Greenbaum considers Charley Prime as much a drinking destination as a dining one. “There is really no place to go this far out in the county for great imaginative cocktails,” she maintains. “We could have the patio open until 2 a.m. There are no neighbors to worry about.” Twelve of the impressive list’s 35 cocktails are on tap, allowing for speed of service. The list runs the gamut from classics to tikis to clever concoctions, such as a Quack-Quack-Erac (a duck-fat-washed riff on a Sazerac) and a Puttin’ on the Spritz jazzed up with grapefruit-infused Aperol.
Of the starters, the “faux” gras, a whipped mushroom pate enriched with cream, butter, eggs and Madeira and port wines is a winner, the amalgam smooth, airy, rich and bursting with umami. The long roasting time of its portobello, cremini and shiitake mushrooms heightens the fungi’s flavor. Good shareable items for the table are gooey fontina cheese fritters and cheese bread, rectangles of grilled country bread topped with gremolata (a puree of parsley, lemon zest, olive oil and chili flakes), melted mozzarella, Parmesan and Pecorino cheese and a scoop of whipped ricotta cheese. A caveat, though: An issue I have with certain dishes at Charley Prime is lack of restraint. The fritters are served on top of a surfeit of basil aioli (they should serve it on the side) and there’s too much gremolata on the garlic bread. The same issue pops up with excellent fried green tomatoes, crispy on the outside and moist on the inside, but struggling to breathe under a weighted blanket of pimento cheese.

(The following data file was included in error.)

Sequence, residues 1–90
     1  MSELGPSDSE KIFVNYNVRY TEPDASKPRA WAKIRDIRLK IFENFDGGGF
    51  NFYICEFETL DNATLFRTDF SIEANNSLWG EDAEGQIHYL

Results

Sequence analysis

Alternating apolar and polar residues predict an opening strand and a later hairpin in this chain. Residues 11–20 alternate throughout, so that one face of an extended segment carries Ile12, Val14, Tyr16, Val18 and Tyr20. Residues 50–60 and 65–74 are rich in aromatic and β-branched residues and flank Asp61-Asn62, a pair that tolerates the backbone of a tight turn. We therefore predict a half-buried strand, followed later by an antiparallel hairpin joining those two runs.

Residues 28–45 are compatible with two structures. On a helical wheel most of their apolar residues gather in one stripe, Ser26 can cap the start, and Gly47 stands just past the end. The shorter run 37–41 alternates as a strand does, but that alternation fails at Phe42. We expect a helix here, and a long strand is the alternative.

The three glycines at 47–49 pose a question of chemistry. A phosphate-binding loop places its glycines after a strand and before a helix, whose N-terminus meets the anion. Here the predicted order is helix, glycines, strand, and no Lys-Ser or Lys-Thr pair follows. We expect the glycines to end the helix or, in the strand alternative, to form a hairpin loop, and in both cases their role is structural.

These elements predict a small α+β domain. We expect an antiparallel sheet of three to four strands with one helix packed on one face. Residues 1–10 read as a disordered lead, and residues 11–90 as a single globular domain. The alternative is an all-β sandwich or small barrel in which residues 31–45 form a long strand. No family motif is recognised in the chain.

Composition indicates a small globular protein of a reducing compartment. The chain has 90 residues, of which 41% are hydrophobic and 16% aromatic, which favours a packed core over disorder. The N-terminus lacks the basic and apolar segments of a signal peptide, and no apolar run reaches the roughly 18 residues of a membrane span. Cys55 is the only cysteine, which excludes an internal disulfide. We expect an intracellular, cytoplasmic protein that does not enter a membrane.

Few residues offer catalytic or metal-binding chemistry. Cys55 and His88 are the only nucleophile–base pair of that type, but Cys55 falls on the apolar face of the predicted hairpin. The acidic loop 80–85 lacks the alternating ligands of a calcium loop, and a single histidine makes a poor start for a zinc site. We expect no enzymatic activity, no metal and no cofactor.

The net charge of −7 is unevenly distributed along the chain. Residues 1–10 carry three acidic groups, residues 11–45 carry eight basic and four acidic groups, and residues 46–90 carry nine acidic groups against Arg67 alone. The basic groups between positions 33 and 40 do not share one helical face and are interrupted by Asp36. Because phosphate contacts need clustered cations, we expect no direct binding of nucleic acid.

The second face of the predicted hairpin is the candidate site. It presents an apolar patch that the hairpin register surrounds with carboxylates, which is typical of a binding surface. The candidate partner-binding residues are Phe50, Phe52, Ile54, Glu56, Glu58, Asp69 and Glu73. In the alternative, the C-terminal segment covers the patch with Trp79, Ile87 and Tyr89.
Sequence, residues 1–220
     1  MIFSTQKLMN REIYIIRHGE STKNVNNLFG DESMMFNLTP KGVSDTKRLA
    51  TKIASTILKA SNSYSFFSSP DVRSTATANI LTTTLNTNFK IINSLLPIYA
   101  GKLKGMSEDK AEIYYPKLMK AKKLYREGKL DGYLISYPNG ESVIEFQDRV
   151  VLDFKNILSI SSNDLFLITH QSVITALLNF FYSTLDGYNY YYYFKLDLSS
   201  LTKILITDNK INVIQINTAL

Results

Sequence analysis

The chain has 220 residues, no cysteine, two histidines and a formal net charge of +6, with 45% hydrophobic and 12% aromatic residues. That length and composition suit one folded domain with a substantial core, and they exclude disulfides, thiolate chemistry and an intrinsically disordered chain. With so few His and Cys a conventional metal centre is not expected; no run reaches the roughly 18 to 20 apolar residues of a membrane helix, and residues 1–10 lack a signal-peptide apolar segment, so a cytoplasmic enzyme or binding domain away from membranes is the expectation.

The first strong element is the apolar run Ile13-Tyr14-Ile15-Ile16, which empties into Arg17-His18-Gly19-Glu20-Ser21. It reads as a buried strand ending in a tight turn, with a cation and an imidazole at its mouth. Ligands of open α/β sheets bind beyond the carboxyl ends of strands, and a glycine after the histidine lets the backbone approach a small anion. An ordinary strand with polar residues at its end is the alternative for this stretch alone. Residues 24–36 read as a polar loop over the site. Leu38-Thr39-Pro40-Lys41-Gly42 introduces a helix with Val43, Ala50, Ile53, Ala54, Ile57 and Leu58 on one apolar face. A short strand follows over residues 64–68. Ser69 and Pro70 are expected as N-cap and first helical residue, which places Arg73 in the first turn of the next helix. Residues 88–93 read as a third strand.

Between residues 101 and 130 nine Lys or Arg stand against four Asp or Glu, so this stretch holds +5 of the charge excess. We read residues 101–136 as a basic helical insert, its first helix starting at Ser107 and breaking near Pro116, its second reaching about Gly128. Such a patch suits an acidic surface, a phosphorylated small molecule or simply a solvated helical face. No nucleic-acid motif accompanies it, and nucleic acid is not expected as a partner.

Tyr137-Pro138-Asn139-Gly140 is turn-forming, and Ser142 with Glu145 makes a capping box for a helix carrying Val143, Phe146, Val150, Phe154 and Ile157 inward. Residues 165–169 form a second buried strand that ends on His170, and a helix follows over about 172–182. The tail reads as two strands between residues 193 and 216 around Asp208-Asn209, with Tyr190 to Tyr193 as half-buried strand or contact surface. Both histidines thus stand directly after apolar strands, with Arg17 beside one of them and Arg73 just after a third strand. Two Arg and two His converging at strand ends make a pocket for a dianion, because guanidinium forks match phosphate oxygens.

When restraint is exercised, I’m happy. My favorite starter is a simple wedge-style salad, fluffy leaves of butter lettuce interspersed with chunky lardons (bacon), cherry tomatoes, candied walnuts and chives, the lot enrobed in a creamy, dreamy, tangy gorgonzola buttermilk dressing. An Anna’s Gibson cocktail, this salad and a Linz Prime New York strip steak paired with a tasty vintage—say, another Anna’s Gibson—is my perfect meal at Charley Prime, especially when completed with their enormous hot fudge sundae for two made with homemade vanilla, chocolate and strawberry ice creams and surrounded by an Instagram-ready panoply of confections to satisfy any urges left over from our childhoods: gummy bears, Twix, Reese’s cups, Oreos, M&M’s, marshmallows, etc. (Here’s a good place to not exercise restraint: More hot fudge, please!)